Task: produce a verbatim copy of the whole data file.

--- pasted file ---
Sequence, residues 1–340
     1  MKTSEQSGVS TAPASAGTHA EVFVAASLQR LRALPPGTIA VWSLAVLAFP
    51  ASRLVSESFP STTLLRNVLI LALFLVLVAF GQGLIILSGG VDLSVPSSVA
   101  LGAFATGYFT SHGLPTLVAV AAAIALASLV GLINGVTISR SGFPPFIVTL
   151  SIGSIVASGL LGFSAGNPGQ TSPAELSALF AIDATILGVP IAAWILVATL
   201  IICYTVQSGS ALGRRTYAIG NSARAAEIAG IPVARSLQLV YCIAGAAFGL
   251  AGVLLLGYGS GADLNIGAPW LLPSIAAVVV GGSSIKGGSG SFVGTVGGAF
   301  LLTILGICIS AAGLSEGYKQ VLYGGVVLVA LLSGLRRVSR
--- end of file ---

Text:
Sequence, residues 1–340
     1  MKTSEQSGVS TAPASAGTHA EVFVAASLQR LRALPPGTIA VWSLAVLAFP
    51  ASRLVSESFP STTLLRNVLI LALFLVLVAF GQGLIILSGG VDLSVPSSVA
   101  LGAFATGYFT SHGLPTLVAV AAAIALASLV GLINGVTISR SGFPPFIVTL
   151  SIGSIVASGL LGFSAGNPGQ TSPAELSALF AIDATILGVP IAAWILVATL
   201  IICYTVQSGS ALGRRTYAIG NSARAAEIAG IPVARSLQLV YCIAGAAFGL
   251  AGVLLLGYGS GADLNIGAPW LLPSIAAVVV GGSSIKGGSG SFVGTVGGAF
   301  LLTILGICIS AAGLSEGYKQ VLYGGVVLVA LLSGLRRVSR